The famous (as well as infamous) ‘Panama/Iqama’ verdict that sent Prime Minister Nawaz home last week is a political ‘gift that keeps on giving’. Where Shahid Khaqan Abbasi was sworn in as the new Prime Minister of Pakistan yesterday, PTI and its chairman Imran Khan also came under the scanner after serious allegations were levelled against him by a female member of the party. Yet, amidst this political chaos, government’s transition remained the highlight of the day.
In this transition and change, one thing that remained unchanged was the unabashed criticism on the Supreme Court and its judges by members of the ruling party, including the newly sworn-in Prime Minister. Also, there remains a clear polarisation on the decision, with one camp calling it a victory for rule of law and accountability, whereas the other camp – citing weak nature of conviction – is calling it a judicial coup under a greater conspiracy against the Sharif Family.
Mian Muhammad Nawaz Sharif of Pakistan Muslim League Nawaz (PML –N) was disqualified on account of non-declaration of assets, which, according to the court’s order, was an ‘account receivable’ – and therefore an asset – from an offshore company owned by his son that he failed to declare in his nomination papers. The Judges, hence, invoked the Articles 62/63 of the national constitution that deal with the honesty, morality and truthfulness of the members of the legislature.
Experts and analysts in Pakistan also likened the PM’s conviction to that of Al Capone – the famous American gangster. Capone was nabbed for a petty offense of tax evasion, as the authorities had failed to convict him for any of his other major offenses and crimes. Similarly, Nawaz was accused of money laundering and owning properties worth millions of pounds in the United Kingdom. Yet, the final verdict of the Supreme Court cited Nawaz’s non-declaration of a mere 2700 USD (10,000 AED) salary from an offshore firm in the United Arab Emirates.
Also, various opinions have also surfaced in both national and international news outlets. Not only that, famous journalists and historians of Pakistan have also had their say on the matter. One quote doing rounds on google groups dated 29th July, was by veteran left wing journalist Husain Naqi – imprisoned during military and ‘civilian’ martial laws – that beautifully summed up the current political situation in the country.
“Many democracy lovers and votaries appear to believe that democracy and corruption are synonymous and judicial verdicts against elected office holders are mischief of the military dominated establishment. It is a misgiving. I consider that it is the fallout of military takeovers by usurper generals. However, Prime Minister Nawaz who was inducted into political office/s by a late intelligence chief has been acting quixotically when he challenges the adversary. The establishment enjoys political power without an organised political party thanks to the electables (who fly away whenever they find that their ‘leader’ has lost the establishment’s patronage). How can one challenge an organised well-oiled and well-armed disciplined body’s top brass? Civilian supremacy can only be established through organised political parties who are able to mobilise people for mass political movements.”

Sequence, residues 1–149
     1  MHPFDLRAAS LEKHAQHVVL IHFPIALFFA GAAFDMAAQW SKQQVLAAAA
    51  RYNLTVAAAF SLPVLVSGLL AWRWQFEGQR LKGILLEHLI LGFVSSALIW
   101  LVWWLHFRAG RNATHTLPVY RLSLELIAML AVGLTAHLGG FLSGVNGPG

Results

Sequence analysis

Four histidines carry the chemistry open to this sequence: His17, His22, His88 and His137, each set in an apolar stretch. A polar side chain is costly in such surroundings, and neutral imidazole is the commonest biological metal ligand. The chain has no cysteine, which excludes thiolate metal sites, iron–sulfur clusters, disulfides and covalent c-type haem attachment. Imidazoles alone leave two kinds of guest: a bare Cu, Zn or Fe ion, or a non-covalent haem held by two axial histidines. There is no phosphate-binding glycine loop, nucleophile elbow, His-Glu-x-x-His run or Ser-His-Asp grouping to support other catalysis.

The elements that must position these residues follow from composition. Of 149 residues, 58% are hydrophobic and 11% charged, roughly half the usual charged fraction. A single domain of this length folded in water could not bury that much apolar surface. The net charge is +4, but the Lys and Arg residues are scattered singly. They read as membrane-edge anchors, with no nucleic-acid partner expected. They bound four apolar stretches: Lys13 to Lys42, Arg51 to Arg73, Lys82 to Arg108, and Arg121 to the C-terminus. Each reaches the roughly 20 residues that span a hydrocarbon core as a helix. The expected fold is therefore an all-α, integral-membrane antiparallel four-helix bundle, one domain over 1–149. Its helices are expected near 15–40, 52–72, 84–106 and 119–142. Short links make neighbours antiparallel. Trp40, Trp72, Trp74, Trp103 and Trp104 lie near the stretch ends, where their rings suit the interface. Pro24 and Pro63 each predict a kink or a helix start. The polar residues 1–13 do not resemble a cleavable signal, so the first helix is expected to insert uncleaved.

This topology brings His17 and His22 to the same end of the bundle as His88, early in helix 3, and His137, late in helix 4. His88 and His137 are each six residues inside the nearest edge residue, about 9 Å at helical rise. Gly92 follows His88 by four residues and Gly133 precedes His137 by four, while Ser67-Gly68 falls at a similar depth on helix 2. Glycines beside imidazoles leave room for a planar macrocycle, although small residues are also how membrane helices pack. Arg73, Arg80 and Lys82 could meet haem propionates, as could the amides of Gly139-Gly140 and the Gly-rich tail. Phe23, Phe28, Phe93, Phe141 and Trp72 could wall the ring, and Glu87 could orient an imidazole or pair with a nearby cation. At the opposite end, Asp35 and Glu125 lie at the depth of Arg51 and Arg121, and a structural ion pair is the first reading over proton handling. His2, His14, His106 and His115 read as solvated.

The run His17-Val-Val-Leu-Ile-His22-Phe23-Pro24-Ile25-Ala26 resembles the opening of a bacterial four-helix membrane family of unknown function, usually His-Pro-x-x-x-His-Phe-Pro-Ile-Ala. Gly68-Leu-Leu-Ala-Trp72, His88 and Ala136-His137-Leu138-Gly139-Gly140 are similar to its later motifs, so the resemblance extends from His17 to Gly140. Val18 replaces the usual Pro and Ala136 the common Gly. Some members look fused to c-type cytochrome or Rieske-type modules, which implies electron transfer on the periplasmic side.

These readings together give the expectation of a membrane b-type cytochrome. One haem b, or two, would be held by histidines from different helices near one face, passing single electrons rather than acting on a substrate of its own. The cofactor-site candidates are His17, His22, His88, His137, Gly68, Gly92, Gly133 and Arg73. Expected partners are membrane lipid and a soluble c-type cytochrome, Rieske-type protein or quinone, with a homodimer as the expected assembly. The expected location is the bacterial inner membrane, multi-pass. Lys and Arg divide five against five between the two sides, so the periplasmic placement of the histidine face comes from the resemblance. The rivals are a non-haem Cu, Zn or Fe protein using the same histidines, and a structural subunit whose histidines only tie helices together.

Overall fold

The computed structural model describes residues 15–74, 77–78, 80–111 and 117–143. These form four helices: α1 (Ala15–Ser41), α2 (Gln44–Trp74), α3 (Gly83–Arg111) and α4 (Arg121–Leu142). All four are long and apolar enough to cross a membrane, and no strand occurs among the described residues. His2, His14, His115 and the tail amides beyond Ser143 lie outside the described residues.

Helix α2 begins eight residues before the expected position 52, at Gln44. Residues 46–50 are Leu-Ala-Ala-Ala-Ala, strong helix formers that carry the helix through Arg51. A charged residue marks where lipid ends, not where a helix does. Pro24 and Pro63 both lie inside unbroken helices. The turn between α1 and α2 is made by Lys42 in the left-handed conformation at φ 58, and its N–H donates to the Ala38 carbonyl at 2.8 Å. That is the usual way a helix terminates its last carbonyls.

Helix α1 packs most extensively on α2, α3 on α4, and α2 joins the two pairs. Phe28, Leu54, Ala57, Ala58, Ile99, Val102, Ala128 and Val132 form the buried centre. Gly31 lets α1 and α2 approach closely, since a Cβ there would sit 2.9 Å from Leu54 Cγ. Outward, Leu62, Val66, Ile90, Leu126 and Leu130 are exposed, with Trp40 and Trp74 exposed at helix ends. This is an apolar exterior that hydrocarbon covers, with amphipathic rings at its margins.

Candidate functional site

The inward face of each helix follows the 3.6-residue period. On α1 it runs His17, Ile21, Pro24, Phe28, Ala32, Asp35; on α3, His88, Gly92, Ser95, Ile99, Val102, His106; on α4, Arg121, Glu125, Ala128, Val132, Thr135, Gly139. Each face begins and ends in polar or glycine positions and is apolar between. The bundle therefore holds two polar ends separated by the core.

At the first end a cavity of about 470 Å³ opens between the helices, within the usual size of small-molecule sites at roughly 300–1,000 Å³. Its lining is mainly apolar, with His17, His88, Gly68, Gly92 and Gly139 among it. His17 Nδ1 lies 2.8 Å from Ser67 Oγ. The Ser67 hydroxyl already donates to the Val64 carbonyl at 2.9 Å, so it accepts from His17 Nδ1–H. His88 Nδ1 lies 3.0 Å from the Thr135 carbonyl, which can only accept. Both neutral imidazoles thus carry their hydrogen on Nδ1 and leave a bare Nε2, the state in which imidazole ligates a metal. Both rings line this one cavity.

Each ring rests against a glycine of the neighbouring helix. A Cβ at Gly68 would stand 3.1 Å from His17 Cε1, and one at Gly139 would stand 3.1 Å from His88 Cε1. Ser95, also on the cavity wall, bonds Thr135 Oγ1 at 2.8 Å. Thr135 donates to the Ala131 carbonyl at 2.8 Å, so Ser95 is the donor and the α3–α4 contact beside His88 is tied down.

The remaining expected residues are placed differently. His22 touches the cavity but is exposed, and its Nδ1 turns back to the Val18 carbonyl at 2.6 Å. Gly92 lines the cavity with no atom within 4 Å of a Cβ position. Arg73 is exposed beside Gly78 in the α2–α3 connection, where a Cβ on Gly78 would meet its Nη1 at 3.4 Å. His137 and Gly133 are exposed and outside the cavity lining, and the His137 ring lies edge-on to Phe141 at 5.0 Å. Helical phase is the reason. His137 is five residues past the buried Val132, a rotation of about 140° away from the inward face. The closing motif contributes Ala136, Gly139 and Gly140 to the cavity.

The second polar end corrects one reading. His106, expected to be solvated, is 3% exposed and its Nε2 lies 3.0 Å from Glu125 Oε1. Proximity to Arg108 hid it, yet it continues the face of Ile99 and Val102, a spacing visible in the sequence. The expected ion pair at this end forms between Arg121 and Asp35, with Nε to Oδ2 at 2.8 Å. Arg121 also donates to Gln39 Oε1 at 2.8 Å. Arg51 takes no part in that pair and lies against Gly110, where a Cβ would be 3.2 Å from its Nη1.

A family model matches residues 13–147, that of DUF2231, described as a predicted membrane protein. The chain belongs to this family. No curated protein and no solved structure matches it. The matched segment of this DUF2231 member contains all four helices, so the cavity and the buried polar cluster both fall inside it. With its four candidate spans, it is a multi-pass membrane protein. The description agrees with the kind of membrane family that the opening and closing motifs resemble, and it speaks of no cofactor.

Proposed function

This quote by a veteran and known left wing journalist exemplifies Pakistan’s current socio-political landscape; a functional democracy with considerable trappings of a plutocracy. The families of recently disqualified PM Nawaz, former president Asif Ali Zardari, his spouse’s family Bhuttos, and a few other are all but a few of those plutocrats who rule the roost in Pakistan.
These are also politically mighty and financially affluent dynasties that buy and bully voters. Of course not all of them. Many are driven only either by the person or the party ideology, or for sheer hatred of others. The military establishment’s direct and indirect interference (read coups) have only further strengthened these political dynasties, who take refuge behind innocence, instead of admitting their wrong-doings; concealment, forgery, and under-statement of assets.
As an editorial in Dawn recently pointed out, the SC decision has forced the PML N to devise a new strategy of ‘Rule of Sharifs’. Saad Rafiq, an active leader of the PML N, boasted that removal of one Sharif would lead to rule of another Sharif, and so on. In the same press conference, Rafique, ironically, was also adamant that his party was against ‘dynastic’ politics. Yes, it is any political party’s right to choose the leader of the house, yet Nawaz Sharif’s preferences for future rulers of both Pakistan and Punjab are doing little in promoting a culture of democracy in the country.
As the dawn editorial rightly pointed out, a party that has usurped the name of Jinnah’s political party is not only a ‘nepotistic disgrace’, but fielding a former-PM’s brother as a replacement is also politically problematic. And with a possible of Shahbaz in his son Hamza as the next CM of Punjab, PML N is laying solid grounds for intergenerational transfer of power. If that is the case, there is very little hope for a proper ‘western democracy representative of all’ model that everyone loves to talk about and use as a barometer for civilian rule in Pakistan.